Amanda Jean of the Red Pen Podcast joins Demetria for the story of France’s most notorious criminal turned cop. If you enjoy fiction about crime today, you’re probably reading something inspired by Vidocq’s legacy.
This week, Isaac tortures Demetria by forcing her to listen to him talk about baseball. But really, baseball is fun so we should all take joy in her learning about it.
This week, Isaac and Demetria make use of a tale of revenge from 1820s Japan to discuss one of the most interesting legal practices we’ve ever seen: kataki-uchi, the system of legally permitted revenge of Japan’s samurai era. Why turn revenge into something akin to getting your license renewed at the DMV? What are the rules? And what can we learn about the nature of justice from thinking about this?
This week, Isaac and Demetria investigate the case that grabbed headlines across 1920s America. We’ll talk about the intersection of xenophobia, violent anarchism, and the American legal system, and how all of them manifested in a bungled case that remains divisive to this day.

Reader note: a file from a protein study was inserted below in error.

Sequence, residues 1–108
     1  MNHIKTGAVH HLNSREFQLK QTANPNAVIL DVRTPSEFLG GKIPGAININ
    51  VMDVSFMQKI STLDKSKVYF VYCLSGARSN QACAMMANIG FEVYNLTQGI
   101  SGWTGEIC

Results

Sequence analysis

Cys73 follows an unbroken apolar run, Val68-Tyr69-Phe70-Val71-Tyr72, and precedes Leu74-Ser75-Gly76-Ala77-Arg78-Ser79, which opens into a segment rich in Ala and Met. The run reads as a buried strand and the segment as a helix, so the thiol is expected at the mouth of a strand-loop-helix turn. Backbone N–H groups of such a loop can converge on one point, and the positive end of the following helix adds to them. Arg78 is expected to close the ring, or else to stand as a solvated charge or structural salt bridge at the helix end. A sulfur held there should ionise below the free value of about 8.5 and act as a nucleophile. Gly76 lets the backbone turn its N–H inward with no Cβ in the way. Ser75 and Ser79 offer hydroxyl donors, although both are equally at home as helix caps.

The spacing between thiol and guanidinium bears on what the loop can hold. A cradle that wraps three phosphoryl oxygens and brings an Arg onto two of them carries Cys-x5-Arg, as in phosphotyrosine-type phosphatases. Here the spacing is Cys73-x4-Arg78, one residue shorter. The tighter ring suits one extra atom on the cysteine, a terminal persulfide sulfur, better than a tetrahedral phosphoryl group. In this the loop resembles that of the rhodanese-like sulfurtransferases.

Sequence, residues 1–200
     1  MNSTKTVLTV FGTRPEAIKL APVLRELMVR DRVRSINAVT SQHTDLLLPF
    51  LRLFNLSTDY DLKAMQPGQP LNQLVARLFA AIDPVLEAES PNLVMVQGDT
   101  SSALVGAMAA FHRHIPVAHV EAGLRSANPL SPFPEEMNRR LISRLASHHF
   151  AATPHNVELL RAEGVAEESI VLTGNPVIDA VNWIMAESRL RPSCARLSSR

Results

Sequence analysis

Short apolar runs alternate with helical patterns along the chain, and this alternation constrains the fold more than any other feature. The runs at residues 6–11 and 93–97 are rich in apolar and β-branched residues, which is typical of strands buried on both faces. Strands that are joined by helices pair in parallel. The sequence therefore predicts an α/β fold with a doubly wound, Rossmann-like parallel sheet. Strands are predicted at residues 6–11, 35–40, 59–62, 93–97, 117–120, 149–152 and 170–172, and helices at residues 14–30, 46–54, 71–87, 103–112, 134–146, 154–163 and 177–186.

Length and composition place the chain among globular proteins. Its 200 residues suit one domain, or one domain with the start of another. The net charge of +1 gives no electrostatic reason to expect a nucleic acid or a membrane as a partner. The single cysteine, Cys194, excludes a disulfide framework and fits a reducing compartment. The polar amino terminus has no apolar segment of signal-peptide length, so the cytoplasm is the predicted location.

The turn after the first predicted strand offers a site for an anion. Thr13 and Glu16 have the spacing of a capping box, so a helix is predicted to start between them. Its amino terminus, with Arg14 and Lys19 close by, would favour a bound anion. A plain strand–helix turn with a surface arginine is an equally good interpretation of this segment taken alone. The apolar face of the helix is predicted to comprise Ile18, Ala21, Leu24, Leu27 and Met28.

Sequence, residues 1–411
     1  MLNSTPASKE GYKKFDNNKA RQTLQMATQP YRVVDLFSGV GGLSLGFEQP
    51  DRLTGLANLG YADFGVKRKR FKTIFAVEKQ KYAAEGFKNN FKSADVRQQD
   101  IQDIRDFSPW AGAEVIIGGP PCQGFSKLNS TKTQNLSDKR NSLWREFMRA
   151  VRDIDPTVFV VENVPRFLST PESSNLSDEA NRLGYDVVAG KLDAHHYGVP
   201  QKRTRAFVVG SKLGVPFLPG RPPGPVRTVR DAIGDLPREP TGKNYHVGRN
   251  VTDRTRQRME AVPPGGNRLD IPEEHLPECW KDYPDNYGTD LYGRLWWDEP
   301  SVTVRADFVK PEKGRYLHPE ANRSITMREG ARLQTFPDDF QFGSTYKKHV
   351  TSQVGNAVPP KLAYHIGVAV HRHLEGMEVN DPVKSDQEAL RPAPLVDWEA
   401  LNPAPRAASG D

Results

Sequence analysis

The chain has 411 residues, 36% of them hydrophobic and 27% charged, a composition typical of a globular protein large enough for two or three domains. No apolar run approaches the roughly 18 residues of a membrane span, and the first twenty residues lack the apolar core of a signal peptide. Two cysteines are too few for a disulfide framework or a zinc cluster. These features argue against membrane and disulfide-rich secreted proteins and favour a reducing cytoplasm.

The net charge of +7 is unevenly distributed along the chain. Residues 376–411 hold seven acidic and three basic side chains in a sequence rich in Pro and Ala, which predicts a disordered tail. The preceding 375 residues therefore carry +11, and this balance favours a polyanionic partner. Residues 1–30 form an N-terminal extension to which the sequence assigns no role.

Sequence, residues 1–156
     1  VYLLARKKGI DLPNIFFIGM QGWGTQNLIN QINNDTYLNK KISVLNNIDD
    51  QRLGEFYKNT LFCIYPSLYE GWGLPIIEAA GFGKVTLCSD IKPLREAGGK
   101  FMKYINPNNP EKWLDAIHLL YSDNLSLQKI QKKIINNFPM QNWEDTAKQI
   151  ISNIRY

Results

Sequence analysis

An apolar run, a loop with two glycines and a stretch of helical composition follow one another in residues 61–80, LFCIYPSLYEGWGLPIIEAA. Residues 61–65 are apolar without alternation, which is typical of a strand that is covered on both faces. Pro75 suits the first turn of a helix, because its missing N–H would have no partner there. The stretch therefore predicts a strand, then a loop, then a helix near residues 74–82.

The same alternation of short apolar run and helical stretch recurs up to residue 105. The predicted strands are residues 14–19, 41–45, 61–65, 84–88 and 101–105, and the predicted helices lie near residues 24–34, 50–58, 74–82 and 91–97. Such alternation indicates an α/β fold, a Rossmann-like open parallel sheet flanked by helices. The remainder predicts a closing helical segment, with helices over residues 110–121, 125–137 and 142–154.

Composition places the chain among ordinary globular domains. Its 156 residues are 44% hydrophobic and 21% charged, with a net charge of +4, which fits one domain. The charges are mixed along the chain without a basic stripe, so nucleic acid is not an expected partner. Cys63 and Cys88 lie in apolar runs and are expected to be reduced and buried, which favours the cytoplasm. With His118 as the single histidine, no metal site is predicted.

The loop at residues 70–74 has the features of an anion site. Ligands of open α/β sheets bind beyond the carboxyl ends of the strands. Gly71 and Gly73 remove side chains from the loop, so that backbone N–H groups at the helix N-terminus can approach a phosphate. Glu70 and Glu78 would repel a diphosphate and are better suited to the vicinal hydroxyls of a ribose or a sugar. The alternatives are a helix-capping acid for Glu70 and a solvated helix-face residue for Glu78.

This episode has it all: Pope-on-pope legal drama! Corpse desecration! 3 separate French kings named Charles! Come for an explanation of the Corpse Synod, stay to find out how why it’s not easy being pope.
This week, Demetria and Isaac tackle America’s great traitor! Who was Arnold, and what did his trial for a series of ridiculous charges have to do with his decision to betray his country?
This week, Isaac and Demetria discuss the story of Margaret Clap, proprietor of a coffee house with a big secret. What was a molly house, why was the government prosecuting men for buggery, and why are trial records some of our best surviving documents about gay culture in 1720s England?
This week, Isaac and Demetria tackle the case of Govinda Mainali, a Nepalese man accused in Japan of a murder he obviously didn’t commit. But obviously he didn’t do it, so there’s no way he could end up serving 12 years in prison just to make the Japanese government look more efficient at solving crimes than it really is, right?